Thursday, October 22, 2015
The Red House
Mark Haddon's second book, A Spot of Bother, made it clear he was becoming a master of the excruciating family set-piece. The Red House confirms it. Family – "that slippery word, a star to every wandering bark, and everyone sailing under a different sky" – has become his speciality.
The novel opens impressionistically, introducing eight people speeding towards the same spot by train and car. Images rush past windows, glimpsed and gone. The destination is a self-catering holiday cottage near Hay-on-Wye, where there will be "Scrabble, a tatty box in some drawer, a pack of fifty-one playing cards, a pamphlet from a goat farm". And, of course, rain.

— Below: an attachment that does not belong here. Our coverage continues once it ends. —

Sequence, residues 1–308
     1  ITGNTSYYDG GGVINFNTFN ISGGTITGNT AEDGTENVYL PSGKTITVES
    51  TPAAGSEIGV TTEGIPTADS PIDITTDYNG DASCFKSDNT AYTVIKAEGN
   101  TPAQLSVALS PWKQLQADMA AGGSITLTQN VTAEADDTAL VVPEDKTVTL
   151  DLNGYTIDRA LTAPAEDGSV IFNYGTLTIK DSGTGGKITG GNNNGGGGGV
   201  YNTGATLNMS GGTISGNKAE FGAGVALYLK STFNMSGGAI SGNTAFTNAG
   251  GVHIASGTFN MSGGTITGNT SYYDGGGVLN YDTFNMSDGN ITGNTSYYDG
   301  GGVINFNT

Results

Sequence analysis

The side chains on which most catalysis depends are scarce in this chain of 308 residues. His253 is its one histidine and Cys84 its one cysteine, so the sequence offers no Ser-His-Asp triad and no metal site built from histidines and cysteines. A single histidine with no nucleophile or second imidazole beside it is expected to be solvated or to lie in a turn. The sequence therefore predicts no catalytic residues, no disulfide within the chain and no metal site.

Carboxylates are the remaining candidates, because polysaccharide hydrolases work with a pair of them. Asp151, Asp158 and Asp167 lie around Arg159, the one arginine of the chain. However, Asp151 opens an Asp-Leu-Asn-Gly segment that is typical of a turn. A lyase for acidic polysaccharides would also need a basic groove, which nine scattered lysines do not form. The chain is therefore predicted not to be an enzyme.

The week's holiday has been arranged by wealthy, middle-aged Richard, attempting to reconcile with his long-estranged sister Angela in the wake of their mother's death. As adult children of emotionally damaged parents, their shared past has left them with different impressions and sympathies, as well as a raft of baggage which has impacted on their own families.